My unpopular opinion on Sam Ke Ting’s case

I am glad that the Court of Appeal panel’s decision to acquit Sam Ke Ting was made. Her ladyship made extensive reference to the trial judge (Magistrate Siti Hajar)’s written grounds of judgment when hearing the final appeal.

The panel went through the facts of the case and considered their findings based on both facts and law.

During the first appeal, the High Court Judge considered mainly points of law and very little on facts before his decision to convict.

I admire the Magistrate’s eagerness to acquit Sam Ke Ting at both the end of the prosecution’s case and at the end of the trial. However, it is precisely because of her overzealousness in acquitting Sam Ke Ting that Magistrate Siti erred in her grounds of judgment. Her errors in her grounds of judgment were technical errors; however, such errors would have caused the first appeal to end up in conviction.

In a nutshell, when the High Court decided that there is Prima Facie in accordance with Section 173 h of the Criminal Procedure Code during the first appeal, she (the magistrate) must not cite flaws in the prosecution’s case as the basis of conviction in her final grounds of judgment. Because when Prima Facie is established (by the High Court), it means the prosecution’s case is, by law (not by facts), proven beyond a reasonable doubt.

The act of citing prosecution flaws is an error in law, which means the High Court has no choice but to revert it. I personally agreed with the High Court judge’s decision in reversing the acquittal on this ground, for the law on Prima Facie is very clear by now: Prima Facie is established when unrebutted (by the defense) shall warrant a conviction.

The act of Magistrate Siti Hajar citing the prosecution’s case means that she disagreed with the High Court’s finding of Prima Facie. Being a subordinate court, the Magistrate does not have the power to overrule a High Court’s finding of Prima Facie. Her judgment was flawed because the effect of citing the flaw of the prosecution’s case or evidence in her final judgment as grounds for acquittal is fatal.

In the High Court appeal, the prosecution mainly raised points of law regarding Prima Facie. The High Court judge, in my opinion, did not err in this when reversing the acquittal.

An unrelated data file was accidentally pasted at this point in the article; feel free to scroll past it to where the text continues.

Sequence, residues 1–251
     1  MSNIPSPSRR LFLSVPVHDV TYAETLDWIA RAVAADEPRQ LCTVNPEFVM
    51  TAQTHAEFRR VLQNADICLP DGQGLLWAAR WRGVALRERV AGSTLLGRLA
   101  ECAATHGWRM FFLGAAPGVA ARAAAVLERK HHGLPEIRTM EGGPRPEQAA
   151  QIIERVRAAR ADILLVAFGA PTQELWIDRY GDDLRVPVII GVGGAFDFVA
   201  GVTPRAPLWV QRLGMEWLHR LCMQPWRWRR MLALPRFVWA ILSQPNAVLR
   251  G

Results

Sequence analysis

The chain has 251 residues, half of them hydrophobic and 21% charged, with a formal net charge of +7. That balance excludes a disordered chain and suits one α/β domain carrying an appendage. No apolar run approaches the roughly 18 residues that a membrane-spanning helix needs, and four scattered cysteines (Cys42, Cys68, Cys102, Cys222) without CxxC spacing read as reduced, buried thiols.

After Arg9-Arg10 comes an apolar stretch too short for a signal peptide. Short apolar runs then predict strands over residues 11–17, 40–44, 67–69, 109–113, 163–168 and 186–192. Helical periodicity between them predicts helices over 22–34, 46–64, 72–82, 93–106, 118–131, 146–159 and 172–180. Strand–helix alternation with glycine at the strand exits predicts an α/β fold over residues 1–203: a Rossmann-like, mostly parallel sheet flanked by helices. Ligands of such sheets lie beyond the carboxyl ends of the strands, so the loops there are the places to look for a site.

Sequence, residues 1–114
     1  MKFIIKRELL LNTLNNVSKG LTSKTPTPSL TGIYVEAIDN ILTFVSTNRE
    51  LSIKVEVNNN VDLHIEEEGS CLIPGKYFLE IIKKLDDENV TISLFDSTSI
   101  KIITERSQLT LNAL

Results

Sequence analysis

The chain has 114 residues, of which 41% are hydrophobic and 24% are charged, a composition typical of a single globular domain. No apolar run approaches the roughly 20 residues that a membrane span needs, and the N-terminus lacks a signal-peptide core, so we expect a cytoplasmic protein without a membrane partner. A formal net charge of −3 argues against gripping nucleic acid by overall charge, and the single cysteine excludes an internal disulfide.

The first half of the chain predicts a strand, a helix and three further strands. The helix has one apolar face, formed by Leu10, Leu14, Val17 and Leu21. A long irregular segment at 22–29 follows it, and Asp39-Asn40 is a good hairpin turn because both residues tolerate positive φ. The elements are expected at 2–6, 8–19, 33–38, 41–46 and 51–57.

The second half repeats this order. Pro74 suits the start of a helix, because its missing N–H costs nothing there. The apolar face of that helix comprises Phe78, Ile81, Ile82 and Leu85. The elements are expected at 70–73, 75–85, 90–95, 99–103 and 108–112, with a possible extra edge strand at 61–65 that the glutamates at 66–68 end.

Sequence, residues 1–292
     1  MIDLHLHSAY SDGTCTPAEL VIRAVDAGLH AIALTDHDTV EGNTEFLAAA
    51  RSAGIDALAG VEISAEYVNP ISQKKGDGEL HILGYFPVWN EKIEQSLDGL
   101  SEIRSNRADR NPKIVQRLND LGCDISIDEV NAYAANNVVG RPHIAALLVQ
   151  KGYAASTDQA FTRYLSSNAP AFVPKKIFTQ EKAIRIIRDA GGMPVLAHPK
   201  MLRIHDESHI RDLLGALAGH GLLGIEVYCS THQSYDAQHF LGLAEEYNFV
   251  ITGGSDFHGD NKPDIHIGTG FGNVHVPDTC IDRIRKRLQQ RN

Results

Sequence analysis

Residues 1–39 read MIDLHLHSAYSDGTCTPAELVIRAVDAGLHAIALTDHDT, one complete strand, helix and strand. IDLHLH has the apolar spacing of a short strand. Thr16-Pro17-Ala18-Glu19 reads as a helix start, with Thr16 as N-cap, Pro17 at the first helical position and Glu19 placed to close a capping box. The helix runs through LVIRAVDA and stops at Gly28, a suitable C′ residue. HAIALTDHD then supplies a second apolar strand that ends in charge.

I shall attribute the cause of such judgment (in the High Court) to:

  1. The Magistrate being overly passionate in acquittal,
  2. Inadequacy of preparation by the defense.

The Court of Appeal later went through the notes of proceedings of the trial, as claimed by Justice of Appeal Yang Ariff Datuk Hadhariah.

This means that the Court of Appeal panel actually went back to the facts of the case, besides the law. The Court of Appeal panel later acquitted Sam Ke Ting mainly based on facts and law – the law part would be on the prosecution’s defective charge sheet.

Suffice to say, Sam Ke Ting was acquitted in the Magistrate court by facts, subsequently convicted in the High Court by law, and lastly, acquitted in the Court of Appeal by facts and law.

If the Magistrate acquitted her without making reference to the prosecution’s flaw, there wouldn’t be solid grounds of appeal to the High Court in the first place based on points of law, and she would have had her acquittal affirmed.

Second, the defense at the trial stage (Magistrate) level and first appeal (High Court) did not prepare itself adequately. They cannot be too confident to assume acquittal,

although that seemed to be the case. The defense counsel (during the trial stage) should have raised all the problems already, but didn’t.

When the High Court ordered accused Sam Ke Ting to enter a defense, she must be the first to testify as provided by Section 181 of the Criminal Procedure Code. Due to the unpreparedness of Sam Ke Ting, her evidence as the first witness for the defense case was a blunder.

Last but not least, in my honest opinion, I shall concur with the findings of facts and laws by all three levels of courts – On facts by the Magistrate, on Law by the High Court Judge, and on Facts and law by the Court of Appeal.

One thing that I felt was amiss is action against the parent of the deceased.

Despite their pain and suffering of losing their child, which I am sympathetic with, they should not be exempt from being held responsible for negligence under the Child Act 2001.

If those responsible for the care of a child abandon, neglect, or expose the said child to danger so as to cause him/her physical or emotional injury, then it is an offense under Section 31(1)(a) of the Child Act 2001, which, upon conviction, is liable to a fine of not more than RM50,000, or imprisonment of up to 20 years, or both.